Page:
Is there an Indian precariat? Evidence from the auto manufacturing industry

Journal article


Barnes, Tom. (2021). Is there an Indian precariat? Evidence from the auto manufacturing industry. Journal of Contemporary Asia. 52(2), pp. 319-340. https://doi.org/10.1080/00472336.2021.1888148
AuthorsBarnes, Tom
Abstract

Guy Standing’s precariat thesis, which suggests that precarious workers have distinctive class interests, has resonance in India where the overwhelming majority of workers lack adequate social protection. Among many criticisms, researchers have responded that this thesis ignores the historical experience of workers in poor countries and erroneously frames precarity as the province of a separate social class. As part of this debate, Erik Olin Wright argued that precarious workers were better understood as a potential fraction of the working class whose interests sometimes complemented and sometimes conflicted with the interests of other workers depending upon the regulatory scale and political terrain of struggle. Using an ethnography-based case study of automotive manufacturing in India’s National Capital Region, this article considers which of these frameworks – Standing’s or Wright’s – is better able to address the dynamic of contemporary struggle in a local labour control regime which has displaced an established core of “regular workers” with a surplus population of precarious “contract workers.”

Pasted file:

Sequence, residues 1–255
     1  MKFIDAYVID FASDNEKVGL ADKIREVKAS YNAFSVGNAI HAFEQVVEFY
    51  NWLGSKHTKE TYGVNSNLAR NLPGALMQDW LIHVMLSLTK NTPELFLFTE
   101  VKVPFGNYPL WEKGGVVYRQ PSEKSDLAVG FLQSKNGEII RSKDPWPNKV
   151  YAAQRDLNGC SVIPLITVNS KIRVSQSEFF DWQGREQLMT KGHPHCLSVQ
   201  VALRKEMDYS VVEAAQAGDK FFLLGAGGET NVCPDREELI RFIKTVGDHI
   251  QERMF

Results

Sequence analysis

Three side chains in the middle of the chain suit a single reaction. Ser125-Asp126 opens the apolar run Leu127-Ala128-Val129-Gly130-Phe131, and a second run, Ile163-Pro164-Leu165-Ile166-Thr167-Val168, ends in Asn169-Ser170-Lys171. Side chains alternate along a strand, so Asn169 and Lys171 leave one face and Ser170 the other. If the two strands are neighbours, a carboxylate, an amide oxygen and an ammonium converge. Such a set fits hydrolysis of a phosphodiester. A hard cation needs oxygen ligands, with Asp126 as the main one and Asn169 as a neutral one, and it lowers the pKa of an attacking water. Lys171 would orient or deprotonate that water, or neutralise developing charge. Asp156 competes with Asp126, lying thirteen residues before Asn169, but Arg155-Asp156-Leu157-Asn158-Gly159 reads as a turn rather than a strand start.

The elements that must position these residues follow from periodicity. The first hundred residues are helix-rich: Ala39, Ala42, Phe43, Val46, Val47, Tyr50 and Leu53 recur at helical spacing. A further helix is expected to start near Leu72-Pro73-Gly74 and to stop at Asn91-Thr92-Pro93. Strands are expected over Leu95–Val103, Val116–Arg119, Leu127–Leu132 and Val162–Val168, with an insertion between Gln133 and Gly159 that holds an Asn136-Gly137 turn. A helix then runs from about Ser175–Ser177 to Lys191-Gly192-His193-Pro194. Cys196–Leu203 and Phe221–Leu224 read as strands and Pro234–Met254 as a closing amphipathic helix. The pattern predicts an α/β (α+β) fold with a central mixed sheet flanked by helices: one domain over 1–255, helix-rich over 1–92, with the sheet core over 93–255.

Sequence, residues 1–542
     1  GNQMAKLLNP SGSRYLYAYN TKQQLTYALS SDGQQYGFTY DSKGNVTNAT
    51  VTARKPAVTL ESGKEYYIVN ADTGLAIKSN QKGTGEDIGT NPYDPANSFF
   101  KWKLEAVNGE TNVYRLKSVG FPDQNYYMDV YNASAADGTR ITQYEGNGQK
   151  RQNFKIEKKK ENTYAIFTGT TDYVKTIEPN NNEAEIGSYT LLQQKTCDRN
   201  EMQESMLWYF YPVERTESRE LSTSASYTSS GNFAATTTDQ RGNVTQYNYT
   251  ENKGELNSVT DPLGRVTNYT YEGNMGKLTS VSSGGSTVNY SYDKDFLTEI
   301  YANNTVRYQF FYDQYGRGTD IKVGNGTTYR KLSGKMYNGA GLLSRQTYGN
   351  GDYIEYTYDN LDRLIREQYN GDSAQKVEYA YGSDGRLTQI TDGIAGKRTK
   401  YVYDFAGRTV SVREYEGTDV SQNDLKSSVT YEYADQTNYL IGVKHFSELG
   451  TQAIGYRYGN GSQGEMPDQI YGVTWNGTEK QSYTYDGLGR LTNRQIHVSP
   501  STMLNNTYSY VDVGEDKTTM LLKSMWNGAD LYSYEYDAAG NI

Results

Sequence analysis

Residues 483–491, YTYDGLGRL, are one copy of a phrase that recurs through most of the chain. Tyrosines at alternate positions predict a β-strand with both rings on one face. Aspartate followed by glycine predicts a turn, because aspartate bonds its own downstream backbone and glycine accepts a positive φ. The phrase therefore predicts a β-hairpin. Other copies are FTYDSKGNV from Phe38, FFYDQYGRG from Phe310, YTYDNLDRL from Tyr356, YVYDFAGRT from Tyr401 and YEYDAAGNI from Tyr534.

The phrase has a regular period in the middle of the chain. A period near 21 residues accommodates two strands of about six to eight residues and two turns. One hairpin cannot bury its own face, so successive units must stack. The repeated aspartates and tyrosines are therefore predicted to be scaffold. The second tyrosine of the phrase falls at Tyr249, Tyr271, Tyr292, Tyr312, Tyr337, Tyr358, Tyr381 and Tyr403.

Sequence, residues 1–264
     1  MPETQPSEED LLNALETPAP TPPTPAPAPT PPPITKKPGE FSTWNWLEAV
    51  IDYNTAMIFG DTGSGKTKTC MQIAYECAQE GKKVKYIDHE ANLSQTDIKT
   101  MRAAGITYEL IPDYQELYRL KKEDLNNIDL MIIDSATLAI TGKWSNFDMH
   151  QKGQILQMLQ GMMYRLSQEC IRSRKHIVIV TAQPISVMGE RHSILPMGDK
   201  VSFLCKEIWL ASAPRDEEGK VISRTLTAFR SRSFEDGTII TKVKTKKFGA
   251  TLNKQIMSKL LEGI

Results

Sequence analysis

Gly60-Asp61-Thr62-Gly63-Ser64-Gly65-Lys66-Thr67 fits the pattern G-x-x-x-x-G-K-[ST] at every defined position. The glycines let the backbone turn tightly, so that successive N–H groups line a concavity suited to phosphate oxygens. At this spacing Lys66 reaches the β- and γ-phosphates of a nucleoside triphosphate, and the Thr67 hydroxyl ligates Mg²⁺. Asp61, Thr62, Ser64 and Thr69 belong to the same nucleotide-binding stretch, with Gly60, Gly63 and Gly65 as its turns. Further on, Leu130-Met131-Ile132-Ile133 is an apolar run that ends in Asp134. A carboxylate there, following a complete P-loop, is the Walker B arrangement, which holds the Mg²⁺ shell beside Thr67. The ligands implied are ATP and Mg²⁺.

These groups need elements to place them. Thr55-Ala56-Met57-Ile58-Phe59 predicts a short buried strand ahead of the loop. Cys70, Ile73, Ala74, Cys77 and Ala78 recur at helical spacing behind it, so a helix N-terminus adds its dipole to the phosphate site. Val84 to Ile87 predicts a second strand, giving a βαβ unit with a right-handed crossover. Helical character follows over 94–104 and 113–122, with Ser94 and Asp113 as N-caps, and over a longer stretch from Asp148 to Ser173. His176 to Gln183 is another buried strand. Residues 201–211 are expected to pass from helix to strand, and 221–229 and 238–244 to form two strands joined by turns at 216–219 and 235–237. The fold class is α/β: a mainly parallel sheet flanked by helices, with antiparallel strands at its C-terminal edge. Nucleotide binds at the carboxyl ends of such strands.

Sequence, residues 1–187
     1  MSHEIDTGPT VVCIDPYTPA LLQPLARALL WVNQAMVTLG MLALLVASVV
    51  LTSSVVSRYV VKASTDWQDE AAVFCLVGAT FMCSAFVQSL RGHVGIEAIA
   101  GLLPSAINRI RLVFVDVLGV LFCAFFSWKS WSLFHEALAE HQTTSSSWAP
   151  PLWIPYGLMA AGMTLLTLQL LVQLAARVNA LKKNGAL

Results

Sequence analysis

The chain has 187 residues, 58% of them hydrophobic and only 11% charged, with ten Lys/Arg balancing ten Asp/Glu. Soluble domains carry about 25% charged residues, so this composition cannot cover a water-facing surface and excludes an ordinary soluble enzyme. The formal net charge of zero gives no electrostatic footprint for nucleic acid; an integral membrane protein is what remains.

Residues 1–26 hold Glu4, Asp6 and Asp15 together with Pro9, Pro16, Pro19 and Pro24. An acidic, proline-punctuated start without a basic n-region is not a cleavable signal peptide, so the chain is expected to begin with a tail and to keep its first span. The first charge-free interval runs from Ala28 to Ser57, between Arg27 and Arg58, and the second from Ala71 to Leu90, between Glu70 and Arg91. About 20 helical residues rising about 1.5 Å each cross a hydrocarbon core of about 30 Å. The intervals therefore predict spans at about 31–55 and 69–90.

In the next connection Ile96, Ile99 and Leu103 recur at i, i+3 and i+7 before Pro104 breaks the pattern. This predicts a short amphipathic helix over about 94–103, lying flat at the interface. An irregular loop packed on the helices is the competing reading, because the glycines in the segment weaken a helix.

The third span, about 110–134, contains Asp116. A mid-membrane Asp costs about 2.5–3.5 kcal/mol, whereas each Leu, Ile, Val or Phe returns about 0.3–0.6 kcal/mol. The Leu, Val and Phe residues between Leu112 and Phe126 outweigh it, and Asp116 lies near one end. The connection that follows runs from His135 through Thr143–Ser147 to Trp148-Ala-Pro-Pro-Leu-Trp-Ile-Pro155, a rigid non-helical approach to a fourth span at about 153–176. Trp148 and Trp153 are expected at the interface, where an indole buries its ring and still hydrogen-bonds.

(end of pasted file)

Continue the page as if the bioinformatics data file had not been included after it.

Keywordsprecariat; precarious work; social class; India; local labour control regime; auto industry
Year2021
JournalJournal of Contemporary Asia
Journal citation52 (2), pp. 319-340
PublisherRoutledge
ISSN1752-7554
Digital Object Identifier (DOI)https://doi.org/10.1080/00472336.2021.1888148
Scopus EID2-s2.0-85101648628
Research or scholarlyResearch
Page range319-340
Publisher's version
License
All rights reserved
File Access Level
Controlled
Output statusPublished
Publication dates
Online24 Feb 2021
Publication process dates
Deposited24 May 2022
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